The market's a bit choppy right now, and who knows which way it's going to go, right? Investors who don't like rough rides have long looked to real estate investment trusts (REITs) to both provide income and some price stability, if not growth.
Of course, "best" is in the eye of the beholder -- and there are plenty of REITs that get into trouble -- but in times like these, one can probably do worse than looking to operators that are masters of their realm and dominate their niche, especially when those niches are really big.
So, if you're worried about March going out like a lion (or a bear), consider these three: Alexandria Real Estate Equities (NYSE: ARE), American Tower (NYSE: AMT), and Prologis (NYSE: PLD).
Alexandria Real Estate Equities
Alexandria Real Estate Equities (ARE) lays claim to being the nation's first and largest owner and operator of life sciences property, and that sector is getting larger. Now in business for 27 years, the San Diego-based firm has significant market presence in and around innovation centers in greater Boston, San Francisco, New York City, San Diego, Seattle, Maryland, and North Carolina's Research Triangle.
Demand for this kind of office space was rising before the pandemic, and now it's hit an even higher gear, providing real estate for a "who's who" of major pharmaceutical and other life sciences operations. This includes all three makers of the COVID-19 vaccines currently in the U.S. market: Moderna (NASDAQ: MRNA), Pfizer (NYSE: PFE), and Johnson & Johnson (NYSE: JNJ).
ARE stock was trading at $163.78 a share at midafternoon on March 9, still 8.9% off its 52-week high of $179.79 reached on Dec. 17. That gave it a market cap of $22.2 billion and a yield of 2.72% based on a 12-month dividend payout of $4.36 per share.
American Tower (AMT) is the 800-pound gorilla in the mobile tower vertical, a go-go business that's likely to only get even more oomph with the global rollout of 5G networks. At last count, the 26-year-old, Boston-based REIT boasted a portfolio of approximately 186,000 communications sites, including approximately 43,000 in the United States and more than 142,000 abroad.
Here's how big AMT is: It is the largest REIT by equity market cap, at over $100 billion, well ahead of the second-largest, Prologis (more on that company below), and bigger than the equity market caps of several other entire REIT subgroups. A long history of market performance and stakes in major markets here and around the world give this company stability for investors who like to sleep at night.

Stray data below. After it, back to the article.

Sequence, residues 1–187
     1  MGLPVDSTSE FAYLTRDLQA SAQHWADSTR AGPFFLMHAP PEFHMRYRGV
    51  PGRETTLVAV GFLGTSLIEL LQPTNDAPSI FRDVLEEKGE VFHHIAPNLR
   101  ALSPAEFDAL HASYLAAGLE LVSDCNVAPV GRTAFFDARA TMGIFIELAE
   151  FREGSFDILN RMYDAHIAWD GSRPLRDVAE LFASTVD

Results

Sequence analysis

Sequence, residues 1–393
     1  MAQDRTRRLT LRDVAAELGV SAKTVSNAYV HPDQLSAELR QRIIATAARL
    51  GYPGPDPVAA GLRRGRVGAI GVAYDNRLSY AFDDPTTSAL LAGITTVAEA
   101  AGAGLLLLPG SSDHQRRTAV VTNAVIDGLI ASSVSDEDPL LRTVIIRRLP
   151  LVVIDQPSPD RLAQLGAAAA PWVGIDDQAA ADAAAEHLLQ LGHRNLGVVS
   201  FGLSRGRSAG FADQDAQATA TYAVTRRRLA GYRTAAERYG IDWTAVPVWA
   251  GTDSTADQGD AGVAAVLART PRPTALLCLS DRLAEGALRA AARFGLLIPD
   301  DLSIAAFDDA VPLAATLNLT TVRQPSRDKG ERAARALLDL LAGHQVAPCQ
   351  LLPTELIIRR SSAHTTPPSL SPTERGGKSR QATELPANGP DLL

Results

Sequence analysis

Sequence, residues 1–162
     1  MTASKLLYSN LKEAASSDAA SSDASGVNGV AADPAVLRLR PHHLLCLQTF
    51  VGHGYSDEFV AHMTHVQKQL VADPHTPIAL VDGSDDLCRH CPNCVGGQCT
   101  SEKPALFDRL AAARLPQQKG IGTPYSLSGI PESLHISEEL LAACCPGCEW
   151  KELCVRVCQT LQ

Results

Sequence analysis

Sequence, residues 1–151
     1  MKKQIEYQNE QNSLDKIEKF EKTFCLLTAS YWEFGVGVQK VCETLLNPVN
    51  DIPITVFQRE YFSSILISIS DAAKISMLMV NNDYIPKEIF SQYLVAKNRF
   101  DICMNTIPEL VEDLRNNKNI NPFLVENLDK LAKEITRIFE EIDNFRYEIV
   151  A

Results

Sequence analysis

AMT stock was trading at $203.97 a share midafternoon on March 9, still 17.01% off its 52-week high of $272.20 reached on July 29. That gave it a market cap of $90.6 billion and a yield of 2.50% based on a 12-month dividend payout of $4.96 per share.
Prologis is the largest of the industrial REITs. The 38-year-old, San Francisco-based operation has interest or ownership in 4,703 logistics and warehouse buildings in 19 countries. An estimated $2.2 trillion of economic goods flow through one of Prologis' distribution centers each year, accounting for 2.5% of global GDP. E-commerce is no longer a trend -- its continued growth is a fact of life, it seems safe to assume. Prologis has among its tenants some of the prime providers of that service, including FedEx (NYSE: FDX) and Amazon (NASDAQ: AMZN), as well as brick-and-mortar stalwarts Walmart (NYSE: WMT) and Home Depot (NYSE: HD). These are companies that sign long-term leases and reliably pay their rent.
Prologis stock was trading at $99.16 at midafternoon on March 9, still 11.76% off its 52-week high of $112.37 reached on Nov. 9. That gave it a market cap of $73.4 billion and a yield of 2.63% based on a 12-month dividend payout of $2.52 per share.
The Millionacres bottom line
There's actually some diversity in these three REITs. ARE is considered an office REIT, AMT is an infrastructure REIT, and Prologis belongs to the industrial REIT crowd. What they do have in common is a long history of market and dividend growth, dominant positions as providers of critical space and infrastructure, and they're all currently below 52-week highs that history says they're likely to reach and exceed again.
Plus, again, that payout. Massive client bases full of major corporate names that depend on this space to do their own thing means reliable rent flow, which means taxable income to pass on to stockholders, as REITs are required to do.
Indeed, when the Ides of March blow, that's when sometimes bigger is best.